Beach to Bay Real Estate Center LLC v. Beach to Bay Realtors Inc.

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Justia Opinion Summary

This dispute arose from the winding-down of a limited liability company formed as a real estate sales venture between two realtors. The Delaware Court of Chancery granted in part and denied in part defendants' partial motion to dismiss. The court dismissed with respect to the breach of fiduciary duty count because non-conclusory allegations in support of a relationship creating such a duty were lacking on the face of the complaint; denied the motion to dismiss with respect to the breach of an implied contract/estoppel claim because promissory estoppel was adequately alleged; and dismissed with respect to the constructive trust claim because it was waived.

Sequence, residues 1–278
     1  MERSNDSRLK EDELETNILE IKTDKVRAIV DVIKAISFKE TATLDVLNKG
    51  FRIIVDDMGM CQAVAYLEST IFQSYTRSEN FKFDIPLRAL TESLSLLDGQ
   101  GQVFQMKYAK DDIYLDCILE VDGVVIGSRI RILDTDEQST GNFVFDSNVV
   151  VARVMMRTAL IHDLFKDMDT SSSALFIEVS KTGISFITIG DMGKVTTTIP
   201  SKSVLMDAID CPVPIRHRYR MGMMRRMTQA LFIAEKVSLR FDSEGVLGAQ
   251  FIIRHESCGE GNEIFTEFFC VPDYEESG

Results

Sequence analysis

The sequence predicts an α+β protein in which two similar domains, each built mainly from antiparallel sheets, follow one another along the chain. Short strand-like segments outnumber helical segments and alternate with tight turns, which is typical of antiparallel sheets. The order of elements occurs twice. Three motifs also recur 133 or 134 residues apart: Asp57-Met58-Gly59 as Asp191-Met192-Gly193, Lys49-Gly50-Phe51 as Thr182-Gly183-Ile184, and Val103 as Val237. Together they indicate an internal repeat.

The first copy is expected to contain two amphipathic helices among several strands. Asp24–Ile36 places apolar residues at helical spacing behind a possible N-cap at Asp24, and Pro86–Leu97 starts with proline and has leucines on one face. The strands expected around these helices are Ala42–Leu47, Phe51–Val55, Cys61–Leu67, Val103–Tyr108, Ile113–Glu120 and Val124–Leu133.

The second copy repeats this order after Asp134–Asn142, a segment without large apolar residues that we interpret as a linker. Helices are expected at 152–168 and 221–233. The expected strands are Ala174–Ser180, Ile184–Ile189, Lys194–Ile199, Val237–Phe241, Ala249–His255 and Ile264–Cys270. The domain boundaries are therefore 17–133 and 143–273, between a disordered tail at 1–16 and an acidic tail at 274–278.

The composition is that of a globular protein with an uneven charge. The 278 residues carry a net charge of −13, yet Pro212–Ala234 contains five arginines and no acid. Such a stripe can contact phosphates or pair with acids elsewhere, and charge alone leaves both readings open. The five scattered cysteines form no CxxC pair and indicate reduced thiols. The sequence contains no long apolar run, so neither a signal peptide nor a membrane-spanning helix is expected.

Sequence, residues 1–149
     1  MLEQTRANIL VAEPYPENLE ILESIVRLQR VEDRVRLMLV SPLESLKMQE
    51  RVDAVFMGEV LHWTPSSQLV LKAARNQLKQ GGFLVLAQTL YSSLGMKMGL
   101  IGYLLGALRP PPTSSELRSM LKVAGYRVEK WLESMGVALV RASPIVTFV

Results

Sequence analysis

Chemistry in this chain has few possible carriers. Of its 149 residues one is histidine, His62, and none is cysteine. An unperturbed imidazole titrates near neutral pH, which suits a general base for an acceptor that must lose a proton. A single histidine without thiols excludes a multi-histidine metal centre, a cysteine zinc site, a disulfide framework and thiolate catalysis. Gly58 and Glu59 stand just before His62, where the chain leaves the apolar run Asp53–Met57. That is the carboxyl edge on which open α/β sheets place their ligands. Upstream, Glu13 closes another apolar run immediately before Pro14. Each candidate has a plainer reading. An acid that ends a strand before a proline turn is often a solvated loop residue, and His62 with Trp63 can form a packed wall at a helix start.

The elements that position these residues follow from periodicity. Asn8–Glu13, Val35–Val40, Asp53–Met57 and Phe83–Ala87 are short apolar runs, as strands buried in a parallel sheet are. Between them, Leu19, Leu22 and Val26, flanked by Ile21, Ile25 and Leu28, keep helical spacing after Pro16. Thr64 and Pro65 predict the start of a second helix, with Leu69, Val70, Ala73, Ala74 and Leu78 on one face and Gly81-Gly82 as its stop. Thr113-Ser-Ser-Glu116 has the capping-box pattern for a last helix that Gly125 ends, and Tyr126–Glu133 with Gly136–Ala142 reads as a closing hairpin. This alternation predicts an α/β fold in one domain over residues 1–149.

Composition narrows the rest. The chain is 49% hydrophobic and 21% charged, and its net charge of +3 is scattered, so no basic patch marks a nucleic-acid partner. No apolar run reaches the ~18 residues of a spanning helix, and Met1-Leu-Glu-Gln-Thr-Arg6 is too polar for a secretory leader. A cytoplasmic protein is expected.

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COURT OF CHANCERY OF THE STATE OF DELAWARE SAM GLASSCOCK III VICE CHANCELLOR COURT OF CHANCERY COURTHOUSE 34 THE CIRCLE GEORGETOWN, DELAWARE 19947 Date Submitted: May 26, 2017 Date Decided: July 10, 2017 Dean A. Campbell, Esquire Law Office of Dean A. Campbell LLC 20175 Office Circle Georgetown, DE 19947 Re: Paul Brown, Esquire Chipman Brown Cicero & Cole LLP 1313 N. Market Street, Suite 5400 Wilmington, DE 19801 Beach to Bay Real Estate Center LLC et al. v. Beach to Bay Realtors Inc. et al., Civil Action No. 10007-VCG Dear Counsel: In Yoknapatawpha County, Faulkner tells us, the “past is never dead. It’s not even past.” It must be so in Sussex, if this case is any indication. This matter involves a Sussex-centered real estate sales venture, ultimately unsuccessful and, according to the Plaintiffs, giving rise to a dog’s breakfast of claims and accountings, mostly concerning acts taking place during the time of the administration of the second President Bush. The Defendants moved to dismiss three of the Counts. Three years ago. The matter was fully briefed in 2014, and oral argument had been scheduled. I continued the argument, at the parties’ request, because they were “exploring” settlement. Outside the litigation, the world continued to turn. Births and deaths occurred, heartaches were endured, aspirations were pursued, wars were fought. Inside the litigation, in the micro-world of Beach to Bay v. Beach to Bay, time stood still. Apart from rousing themselves to answer, in desultory fashion, occasional proddings from this Court (themselves, I admit, less than energetic), the parties were content in a world slowed to the pace of matter chilled to near-absolute zero. Eventually, following a mandatory appearance of counsel at a call of the calendar, sufficient thaw set in to revive consideration of this partial motion to dismiss. The parties consented—that is, impliedly consented by failing to respond to a letter from the Court—to consideration of the briefs without amendment or update, and sans oral argument. Therefore, I have addressed the issues as fixed in the briefs from 2014 like flies in amber. For the reasons that follow, Count II, and what I have termed in this Letter Opinion “Alias Count VI” of the Complaint, are dismissed. The Complaint, among other idiosyncrasies, contains two Counts V; a part of one of those Counts is dismissed as well.1 The other Counts remain to be litigated.2 I. FACTS3 This dispute arises from the winding-down of a limited liability company formed as a real estate sales venture between two realtors. The Complaint in this 1 See infra Section I.C. That is, “remain to be litigated” as an existential matter. These Counts, like the earth (or The Dude) abide. It remains to be seen if the parties will be inspired to actually litigate them as scheduled in November. 3 The facts, except where otherwise noted, are drawn from the well-pled allegations of Plaintiffs’ Verified Complaint (the “Complaint” or “Compl.”) and exhibits or documents incorporated by 2 2 matter is somewhat difficult to follow. Compounding the lack of clarity of the allegations in the Complaint is the absence of written documents ordering the affairs of the parties and entities. That is, there is no written operating agreement for the LLC; instead, according to the Complaint, a series of promises and assurances, mostly oral, were made that purport to govern the parties’ relationships. Also problematic, the alleged promises and assurances, and Plaintiffs’ theory of the case, appear to be in tension with the sole written document. The Plaintiffs seek two primary recoveries: a truing-up of contributions and loans to the entity, and recovery for conversion of assets and confidential information. In pursuit of these recoveries the Plaintiffs offer variegated allegations and theories, some of which are the subject of this Partial Motion to Dismiss. A. The Parties The Plaintiffs in this matter consist of two Delaware limited liability companies, Beach to Bay Real Estate Center, LLC, (“Center”), AJ Realty, LLC (“AJ”), and an individual associated with each entity, Anthony Kulp.4 AJ is the managing member of Center, and holds a majority interest in Center.5 Kulp “is the reference therein, which are presumed true for purposes of evaluating the Defendants’ Partial Motion to Dismiss. 4 Compl. ¶¶ 1–3. 5 Id. at ¶ 2. 3 agent for AJ acting as managing member of” Center, and has been a Delaware licensed real estate broker and agent at all times relevant to this action.6 There are several Defendants in this action. Defendant Beach to Bay Realtors, Inc. (“Realtors”) is a Delaware Corporation owned by Defendant Andy Staton.7 Defendant Realtors is a minority member of Plaintiff Center.8 The Complaint indicates that Staton was also a member of Plaintiff Center.9 Staton is a Delaware licensed real estate agent who heads “The Andy Staton Team.”10 Defendant G.R. Peter Karsner was a member of Defendant Realtors through “at least” 2009.11 Staton and his team of realtors are currently affiliated with Defendant Prudential Gallo Realtors of Rehoboth (“Prudential Gallo”).12 Defendants Rick Allamong and John Marino are both realtors who are associates with “The Andy Staton Team.”13 6 Id. at ¶¶ 3, 13. Id. at ¶¶ 5–6. 8 Id. at ¶ 5. 9 Id. at ¶ 6. 10 Id. at ¶ 14. 11 Id. at ¶¶ 7, 17. 12 See id. at ¶¶ 8–10, 14, 24. 13 Id. at ¶¶ 9–10. 7 4 B. Center’s Development 1. Beach to Bay Real Estate Center’s Origins In April 2005 Staton, Kulp and a third party formed “The Beach to Bay Team.”14 The Beach to Bay Team was “a real estate entity created for the purpose of marketing and selling real estate” in southern Delaware.15 Eventually, in February 2006 “Kulp, by and through AJ, and Staton, by and through [Realtors], merged the Beach to Bay Team into [Center].”16 At this time, AJ was a member of Center holding a 51% interest and Realtors was a member of Center holding a 49% interest.17 The Complaint is silent as to whether this was the time when Center was officially formed as a LLC. Apparently, there was no operating agreement for Center drafted at this time, or any subsequent time. The Complaint alleges that between February 2006 and October 2006, “AJ/Kulp continued to make capital contributions” to Center but that “Realtors/Staton ceased making capital contributions.”18 To address the different capital contributions, on October 24, 2006 “Kulp and . . . Realtors/Staton executed an agreement whereby it was agreed that . . . Realtor’s [sic] /Staton’s interest would be reduced to twenty-two percent (22%) and which further authorized Kulp to 14 Id. at ¶ 15. Id. 16 Id. at ¶ 16. 17 Id. 18 Id. at ¶ 18. 15 5 continue making capital contributions in exchange for a further reduction of . . . Realtor’s [sic] /Staton’s interest.”19 The October 24, 2006 agreement (the “2006 Agreement”), attached as an exhibit to the Complaint, is the only written document before the Court memorializing the parties’ relationship.20 Beyond permitting dilution for unequal capital contributions, the 2006 Agreement provides further content and context not clearly explained in, or omitted from, the Complaint. The recitals to the agreement indicate that Kulp and Realtors/ Staton “verbally agreed to enter into the real estate business together” and formed Center on June 1, 2005 “based on” such oral agreement.21 Via the verbal agreement Staton and Kulp “anticipated and agreed that each party would contribute approximately fifty percent” of the capital needed to run Center.22 Further, the recitals to the 2006 Agreement make clear that “no written operating agreement for [Center] h[ad] been drafted or signed by the parties.”23 The 2006 Agreement adds that for the 2005 tax year Kulp benefited from 51% of Center’s losses whereas Staton claimed 49%.24 The recitals further add that Staton has not contributed capital in 19 Id. at ¶ 19. Id. at Ex. A. But see Defs’ Opening Br. Ex. A. The Defendants’ attached to their opening brief a so-called “Commission Agreement” between Staton, Kulp, and a third-party executed on August 19, 2004. Id. It is not clear at this stage what role, if any, such agreement plays in this matter. 21 Compl. Ex. A at 1. 22 See id. 23 See id. 24 See id. 20 6 proportion to his percentage interest but instead contributed only 22% of Center’s needed capital despite getting the tax benefit of 49% of Center’s losses.25 Due to the unequal contributions of capital the operative portion of the 2006 Agreement provides that Staton would assign 27% of his 49% interest to Kulp.26 Further, the operative portion of the Agreement permits Kulp “in his sole and absolute discretion” to make future capital contributions to Center and that when such contributions are made Staton is to be notified in writing of the contribution and given ninety days from the notification to pay the portion of the contribution that corresponds to his ownership interest in Center.27 If Staton failed to contribute the required amount within the required timeframe, his ownership interest in Center “shall automatically . . . be reduced to a percentage equivalent” of Staton’s capital contributions to Center relative to Kulp’s.28 The operative provisions further add that Kulp “may, at any time and [his] sole option, either contribute capital to [Center], or loan funds at a commercially reasonable rate of interest to [Center] . . . .”29 The 2006 Agreement was executed by Kulp individually, and by Staton individually and on behalf of Realtors as its sole shareholder and President.30 25 See id. See id. at 2. 27 See id. 28 See id. 29 See id. 30 See id. at 3. 26 7 2. Events Following Center’s Formation and the 2006 Agreement Between February 2005 and March 6, 2008 “Realtors/Staton” made contributions to Center totaling $110,600.31 During a similar period ending February 25, 2008, “AJ/Kulp” contributed $399,300.32 From May 27, 2008 to April 16, 2015 “AJ/Kulp made contributions or loans to [Center] in the amount of $379,770.05.”33 In 2009 Staton affiliated himself as an agent with Prudential Gallo forming the Andy Staton Team which consisted of himself, Allamong, and Marino. Prior to July 17, 2013, “Realtors/Staton” never attempted to terminate the relationship with Center.34 Also prior to July 17, 2013 “Staton had access to [Center’s] client information, asset information, and other confidential information.”35 The Complaint asserts that there was an agreement, apparently orally, among the members of Center “that all loans to [Center] would be accounted for and paid upon closing of the business of [Center], in proportion to each member’s interest.”36 The Complaint further alleges that between 2009 and July 2013 Realtors/Staton “made payments on third-party loans” made to Center “in recognition and conformity with” the alleged oral agreement regarding loans.37 The Complaint, 31 Compl. ¶ 20. Id. at ¶ 21. 33 Id. at ¶ 22 (emphasis added). 34 Id. at ¶ 23. 35 Id. at ¶ 29. 36 Id. at ¶ 25. 37 Id. at ¶ 26. 32 8 however, is silent as to what particular loans were paid, and whether Realtors/Staton were paying such loans in full in their individual capacity, or in accordance with their current percentage interest in Center. 3. The Winding Down of Center In early 2013 “Kulp, as managing member of [Center], commenced the winding down of [Center].”38 During the winding down process Kulp informed Staton that Staton owed Kulp “approximately $105,744 in contributions and loans which were made by Kulp” during the period when Staton did not make contributions.39 In an allegation contrary to the mechanism for automatic dilution provided by the sole written governing document, the 2006 Agreement, the Complaint alleges that up until July 17, 2013 Staton “represented to Kulp that the inequitable balance of contributions and loans by members would be settled when the business of [Center] ceased.”40 Staton notified Kulp that neither he nor Realtors would pay the amount demanded on July 17, 2013.41 Following the refusal to pay, the Plaintiffs began to investigate Staton’s conduct while he was a member of Center.42 The Complaint alleges the investigation revealed that Staton used Center resources in 2009 to fund 38 Id. at ¶ 27. Id. 40 Id. at ¶ 28 (emphasis added). 41 Id. at ¶ 30. 42 See id. at ¶ 31. 39 9 advertising for himself while he was associated with Prudential Gallo and that Staton “copied and removed client lists from [Center]” which he used to “foster relationships” to benefit Prudential Gallo, Allamong, and Marino.43 Further, the investigation allegedly revealed that Staton “copied and removed e-mail lists from [Center]” and used the lists to “communicate with clients, vendors and associates to the benefit of himself, Prudential Gallo, Allamong and Marino.”44 C. Procedural History This matter has not proceeded with alacrity. The Plaintiffs filed the Complaint on August 5, 2014.45 The Defendants filed an answer and counterclaim, along with the presently pending Partial Motion to Dismiss on September 8, 2014.46 The parties briefed the Partial Motion to Dismiss, with the Defendants submitting a reply brief on December 5, 2014.47 Oral argument on the pending Motion was scheduled for February 24, 2015.48 However, that argument was removed at the request of the parties and this matter was stayed to facilitate settlement discussions.49 Those settlement discussions, it appears, proved unsuccessful. The matter was substantively inactive as a series of extensions to the stay were requested and 43 See id. See id. 45 Dkt. No. 1. 46 Dkt. Nos. 7, 8. The Plaintiffs have answered the counterclaim. 47 See Dkt. No. 21. 48 See Dkt. No. 22. 49 Dkt. No. 23. 44 10 granted. Ultimately, I wrote the parties on June 20, 2016 asking why the matter should not be dismissed due to inactivity.50 This prompted unfortunate and accusatory finger-pointing from each side regarding the source of the delay.51 Eventually this case was included in a call of the calendar held on February 27, 2017. By letter following that hearing the parties indicated that there were no other outstanding issues that required briefing, other than the Partial Motion to Dismiss. Because the briefing in this matter was completed in December 2014, I offered the parties the opportunity to supplement their submissions, however, the parties did not respond to this offer. Similarly, I offered the parties the opportunity to present oral argument on the outstanding motion. No response was received by the Court-imposed deadline so I again wrote the parties on May 26, 2017 informing them I considered the matter submitted, without argument or supplement, as of that date. 50 Dkt. No. 34. Compare Dkt. No. 35 with Dkt. No. 36. See Dkt. No. 35 at 3 (indicating in a letter from Plaintiffs’ counsel that “[t]his attorney . . . wrongly assumed that Defendant would take the point in preparing a scheduling order . . . . Accordingly, nothing was placed on my calendar regarding same.”); Dkt. No. 36 at 5 (stating in a letter from Defendants’ counsel that they believed the Plaintiffs would prepare a schedule to move their matter forward, that there was no basis to assume Defendants’ would “take the point in preparing a scheduling order,” and that “Plaintiffs should be able to manage this litigation without assistance from opposing counsel.”); see also Dkt. No 36. at 6 (“If Defendants’ counsel is guilty of anything, it is not a lack of professionalism—perhaps they are guilty of too much optimism in believing that the massive delays in prosecution were attributable to a good faith interest in settlement, as opposed to seriatim delays to avoid substantive work while keeping the threat of litigation hanging over Defendants’ heads.”). 51 11 The Complaint pleads Six Counts. To avoid confusion on the part of the parties and other readers of this Letter Opinion, and to ameliorate confusion on my part, it is useful to note as follows: The Counts in the Complaint contain several idiosyncrasies in numbering. There are two Counts titled Count V. Oddly, in my experience, there is a Count titled Count IV that follows the two Counts titled Count V. In an attempt to avoid confusion, I will refer to the first Count V as “Alias Count IV,” the second Count V as “Alias Count V,” and the Count following both Counts labeled V as “Alias Count VI.” Also unusual, in my experience, is that several of the paragraph numbers are repeated in the Complaint. For example, there are two paragraphs fifty-nine, and two paragraphs sixty, located on different pages of the Complaint, containing different factual allegations. This problem occurs for several other paragraph numbers. This adds a certain frisson of excitement to the jurist to whom Counts and paragraphs are referred in briefing, but like all good things comes at a price; here, clarity. I can think of no simple way to clarify the paragraph numbering in my citations, so the reader will be left to guess, as the Court was in briefing, to which of the repetitively numbered paragraphs I refer. The Defendants’ Motion seeks dismissal of three of the Counts: Count II asserting a breach of fiduciary duty claim, Alias Count V asserting a “breach of implied contract/estoppel” claim and, Alias Count VI asserting a constructive trust 12 claim.52 The Defendants have not moved to dismiss Counts I, III and Alias Count IV which assert claims regarding conversion of trade secrets, piercing the corporate veil, and conversion, misappropriation, and restitution of Center’s funds, respectively. II. ANALYSIS The standard of review for a motion to dismiss pursuant to a Court of Chancery Rule 12(b)(6) motion is well settled: (i) all well-pleaded factual allegations are accepted as true; (ii) even vague allegations are well-pleaded if they give the opposing party notice of the claim; (iii) the Court must draw all reasonable inferences in favor of the nonmoving party; and (iv) dismissal is inappropriate unless the plaintiff would not be entitled to recover under any reasonably conceivable set of circumstances susceptible of proof.53 Despite the lenient pleading standard, the Court “is not, however, required to accept as true conclusory allegations ‘without specific supporting factual allegations.’”54 Further, “a trial court is required to accept only those ‘reasonable inferences that logically flow from the face of the complaint’ and ‘is not required to accept every strained interpretation of the allegations proposed by the plaintiff.’” 55 For the reasons discussed below, Defendants’ Motion is granted in part. 52 Dkt. No. 8. Savor, Inc. v. FMR Corp., 812 A.2d 894, 896–97 (Del. 2002) (footnotes and internal quotations omitted). 54 In re Gen. Motors (Hughes) S'holder Litig., 897 A.2d 162, 168 (Del. 2006) (quoting In re Santa Fe Pac. Corp. S'holder Litig., 669 A.2d 59, 65–66 (Del. 1995)). 55 Id. (quoting Malpiede v. Townson, 780 A.2d 1075, 1083 (Del.2001)). 53 13 A. The Breach of Fiduciary Duty Count To recover for a breach of fiduciary duty, a plaintiff must prove two basic elements: that the defendant owed a fiduciary duty and that the defendant breached the duty owed.56 Thus, to survive a motion to dismiss, this Complaint must sufficiently plead the existence of a fiduciary duty, and a breach of such a duty. Set out in full below are the four paragraphs of the breach of fiduciary duty Count of the Complaint: “Plaintiffs repeat and incorporate the foregoing paragraphs.”57 “As a member of [Center], [Realtors]/Staton owed a fiduciary duty of loyalty to [Center].”58 “[Realtors]/Staton engaged in a course of self-dealing using [Center] assets for financial gain of Staton, Prudential Gallo, Allamong and Marino.”59 “As a result of the breach of fiduciary duty, [Center] has been damaged.”60 The Defendants seek dismissal of this Count arguing that the Complaint fails to adequately allege the existence of a fiduciary duty. The Defendants observe that the Plaintiffs have failed to locate a single case holding that minority members of a 56 See, e.g., ZRii, LLC v. Wellness Acquisition Grp., Inc., 2009 WL 2998169, at *11 (Del. Ch. Sept. 21, 2009). 57 Compl. ¶ 42. 58 Id. at ¶ 43 (emphasis added). 59 Id. at ¶ 44. 60 Id. at ¶ 45. 14 Delaware LLC owe fiduciary duties by default.61 Delaware LLCs are known for their contractual flexibility; however, our Courts have interpreted the Delaware LLC Act to imply default fiduciary duties to managers of a LLC unless such duties are clearly disclaimed.62 The Plaintiffs concede, as they must, that Kulp exclusively manages and controls Center and that it is well settled that only managing members or controllers owe fiduciary duties by default in LLCs.63 On the face of the Complaint, minority membership is the sole allegation that purports to create the fiduciary duty.64 That is insufficient as a matter of law. Thus the pleading that Realtors or Staton owed fiduciary duties to Center falls short. In briefing, the Plaintiffs attempt to change tack, accusing the Defendants of error for focusing on “default duties” in their opening brief.65 This focus by the Defendants, however, was warranted given that the pleading of the duty owed only refers to membership.66 The Plaintiffs advance in briefing that the duty owed here instead arises from access to confidential information, an allegation absent from their Defs’ Reply Br. 4. See, e.g., Kelly v. Blum, 2010 WL 629850, at *10 (Del. Ch. Feb. 24, 2010); see also Feeley v. NHAOCG, LLC, 62 A.3d 649, 661 (Del. Ch. 2012) (“the Delaware Limited Liability Company Act . . . contemplates that equitable fiduciary duties will apply by default to a manager or managing member of a Delaware LLC.”); H.B. 126, 147th Gen. Assemb. (Del. 2013). 63 See Pls’ Answering Br. 9. 64 See Compl. ¶ 43. 65 See Pls’ Answering Br. 9–11. 66 Compl. ¶ 43. (“As a member of [Center], [Realtors]/Staton owed a fiduciary duty of loyalty to [Center].”). 61 62 15 Complaint.67 Having responded in 2014 to the Partial Motion to Dismiss, rather than seeking to amend in response, the Plaintiffs are limited to the allegations of the Complaint here. In any event, even a complaint encompassing the Plaintiffs allegations made in briefing would be insufficient to avoid dismissal. Courts in our State recognize that “[a] fiduciary relationship is a situation where one person reposes special trust in and reliance on the judgment of another or where a special duty exists on the part of one person to protect the interest of another.”68 Conclusory statements that someone or something is “a fiduciary” in a complaint will not suffice—instead there must be an allegation of an agreement supplying such a duty or a special relationship creating such a duty. Such allegations, to make it reasonably conceivable that a duty is owed, are absent from this Complaint.69 While the Defendants may have acted wrongfully in allegedly converting the secrets of Center, an allegation for which the Plaintiffs seek relief at law,70 that does not create a fiduciary relationship; in fact, in my experience, thieves and their victims rarely consider their relationship equitable on account of that status alone. Rather, there must be some repose of special trust See Pls’ Answering Br. 10–11. Feeley v. NHAOCG, LLC, 62 A.3d 649, 661 (Del. Ch. 2012) (citations omitted). 69 I note, in their answering brief, the Plaintiffs point to Count I as supplying the factual allegations creating the fiduciary duty—there is no citation to Count II, the breach of fiduciary duty count. See Pls’ Answering Br. 12–13 (citing Compl. ¶¶ 34, 37, 39). Count I and the portions referenced in briefing plead a Count seeking statutory relief for conversion of trade secrets. 70 See Compl. Count I. 67 68 16 in the Defendants or reliance on the Defendants, not alleged here. It is conceivable that in certain circumstances a minority member of an LLC, with access to confidential information, could stand in a fiduciary relationship to the entity or other members. Non-conclusory allegations in support of a relationship creating such a duty are lacking on the face of the Complaint here, however.71 Defendants’ Motion is granted with respect to Count II.72 B. The Breach of an Implied Contract/Estoppel Claim The Defendants have moved to dismiss Alias Count V of the Complaint. Alias Count V alleges that there was an “understanding that each member would be responsible for its/his share of the contributions to the business in amounts equal to its/his share of interest in [Center].”73 It seeks relief on two independent grounds, implied contract and promissory estoppel. Candidly, I am confused by the pleading and argument surrounding this Count of the Complaint. The Complaint is unclear as to the theory underlying the Count, and, frankly, the Count itself references almost nothing in the way of factual support for the claims asserted;74 as for the parties’ 71 In fact, there are no such allegations, conclusory or otherwise, in Count II, the Count alleging a breach of fiduciary duty. See id. at ¶¶ 42–45. 72 Although this result is compelled by the allegations of the Complaint, I note to the extent Plaintiffs’ grievances are about removal of cash or secrets from Center, Counts addressing those issues remain. 73 Id. at ¶ 55 (emphasis added). 74 See id. at ¶¶ 54–54. I note this citation is misleading. Alias Count V actually contains six separate paragraphs. Both the first and last paragraph of Alias Count V are labeled fifty-four, however. 17 briefing, it reprises Arnolds darkling plain where ignorant armies clash by night. I begin with a discussion of the implied contract theory of recovery. The Defendants argue that the allegations of Alias Count V are at odds with the 2006 Agreement which, to their minds, provides a mechanism for automatic dilution in the event of capital calls, and permitted discretionary loans by Kulp with no reciprocal obligation by the Defendants with regards to loans. According to the Defendants, this implied contract claim is preempted by the express contract providing for automatic dilution in the event of failed capital calls, and silence as to the allocation of liability for loans. Since the agreement is silent as to loans, the Defendants argue the LLC Act defaults control—that members are not personally liable for the debts of the LLC. The Defendants further point out that the Plaintiffs again pad their answering brief to bolster the cursory and missing allegations of the Complaint. The Plaintiffs argue in briefing that the Defendants wrongly focus on the single written contract—the 2006 Agreement—when the focus instead should be on the alleged oral operating agreement.75 Under the Plaintiffs’ theory of the case, as I understand it, there is an oral operating agreement, along with alleged oral promises and/or understandings regarding responsibility for loans and capital contributions.76 75 76 See Pls’ Answering Br. 14–15. See Compl. ¶¶ 25, 28, Ex. A. 18 All of these agreements represent an express contract or contracts, although curiously, no count for breach of contract is stated. A contract may be implied under our law where no express contract exists, but the circumstances demonstrate the intent of the parties to be bound nonetheless. 77 Such a pleading is absent from the Complaint. Indeed, the Plaintiffs recognize there is no recovery or cause of action for an implied contract where express agreements exist covering the subject matter.78 They then argue an express oral contract: “[a]ccording to the operating agreement as plead by Plaintiff [sic], repayment was to occur when [Center] ceased doing business.”79 Simply, the Complaint alleges the existence of an express agreement, and there is a complete absence of facts pled in the Complaint to make an implied contract claim reasonably conceivable. I turn to an analysis of the promissory estoppel allegation of Alias Count V. As this Court has explained “[u]nder the doctrine of promissory estoppel, a plaintiff must show by clear and convincing evidence that: (i) a promise was made; (ii) it was the reasonable expectation of the promisor to induce action or forbearance on the 77 See, e.g., Creditors' Comm. of Essex Builders, Inc. v. Farmers Bank, 251 A.2d 546, 548 (Del. 1969) (“A contract will be implied in fact only when the Court may fairly infer such an intent from the evidence; it represents the presumed intention of the parties as indicated by their conduct.”) (citation omitted). 78 See Pls’ Answering Br. 15. 79 Id. at 15–16 (citing Compl. ¶¶ 25, 28 for the proposition that the alleged repayments were pled in the Complaint “as a part of the operating agreement of the parties”). Paragraph 25 of the Complaint pleads an affirmative agreement that loans would be paid upon a wind-down according to members’ proportional interest. See Compl. ¶ 25; see also id. at ¶ 28; id. at Ex. A at 1. 19 part of the promisee; (iii) the promisee reasonably relied on the promise and took action to his detriment; and (iv) such promise is binding because injustice can be avoided only by enforcement of the promise.”80 Further the “the alleged promise must be a real promise, not just mere expressions of expectation, opinion, or assumption, and reasonably definite and certain.”81 Thus at the motion to dismiss stage, a plaintiff must plead facts making it reasonably conceivable that they could establish each required element upon a developed record. Here, the Defendants are correct that Alias Count V is a deficient pleading. However, reading the Complaint as a whole, and such that all reasonable inferences go in favor of the Plaintiffs, I find a promissory estoppel claim adequately alleged. The Complaint alleges that Staton promised to repay any loans made by Kulp to Center, upon dissolution of the LLC. This reasonably implies that the promise was made to encourage such loans. In reliance, Kulp made additional loans, which are not now recoverable from the LLC.82 He seeks recovery from Staton. This is sufficient to state a claim for promissory estoppel, and Defendants’ Motion to Dismiss Alias Count V is denied with respect to that theory. 80 Black Horse Capital, LP v. Xstelos Holdings, Inc., 2014 WL 5025926, at *21 (Del. Ch. Sept. 30, 2014) (internal quotations omitted). 81 Id. (internal quotations omitted). 82 I note that reliance is actually plead in Alias Count VI, rather than in Alias Count V. See Compl. ¶ 58. 20 C. The Constructive Trust Claim Through Alias Count VI of the Complaint the Plaintiffs seek a constructive trust. A constructive trust is a remedial measure and is targeted at redressing a wrong.83 A constructive trust will be imposed “[w]hen one party, by virtue of fraudulent, unfair or unconscionable conduct, is enriched at the expense of another to whom he or she owes some duty . . . .”84 To impose a constructive trust, “[s]ome fraudulent or unfair and unconscionable conduct is essential.”85 Additionally, a constructive trust is only an available remedy in specific situations. That is, the trust will only be imposed over specific property, identifiable proceeds of specific property, and money if it resides in an identifiable fund “to which plaintiff claims equitable ownership.”86 In the Complaint the Plaintiffs seek the remedy of a constructive trust over money in the amount of $105,744 arising from Staton’s failure to make capital contributions and repay loans.87 However, in their answering brief the Plaintiffs make no mention of that claim and instead solely pursue a constructive trust theory regarding sale commissions from the alleged improper use of client lists.88 I therefore consider the particular constructive trust theory, as pled, waived. To the extent the Plaintiffs seek to pursue a constructive trust theory over 83 See Hogg v. Walker, 622 A.2d 648, 652 (Del. 1993). Id. (citations omitted) (emphasis added). 85 Id. (citation omitted). 86 Id. (citation omitted). 87 Compl. ¶ 60. 88 Pls’ Answering Br. 20. 84 21 commissions on sales generated by the allegedly purloined client list, such a claim is (1) untenable as a matter of trust theory and (2) subsumed within a claim at law— the trade secrets claim not subject to this Motion to Dismiss—and thus unavailable in equity. Accordingly, Alias Count VI is dismissed. III. CONCLUSION For the foregoing reasons the Partial Motion to Dismiss is granted in part and denied in part. To the extent the foregoing requires an Order to take effect, IT IS SO ORDERED. To the extent an Order is appropriate to dismiss individual Defendants from this action based on this Letter Opinion, the parties should supply a form of order. The Plaintiffs should move within two weeks to amend the Complaint to remove the numbering errors that would make intelligible discussion of the issues in a post-trial decision difficult. Sincerely, /s/ Sam Glasscock III Sam Glasscock III 22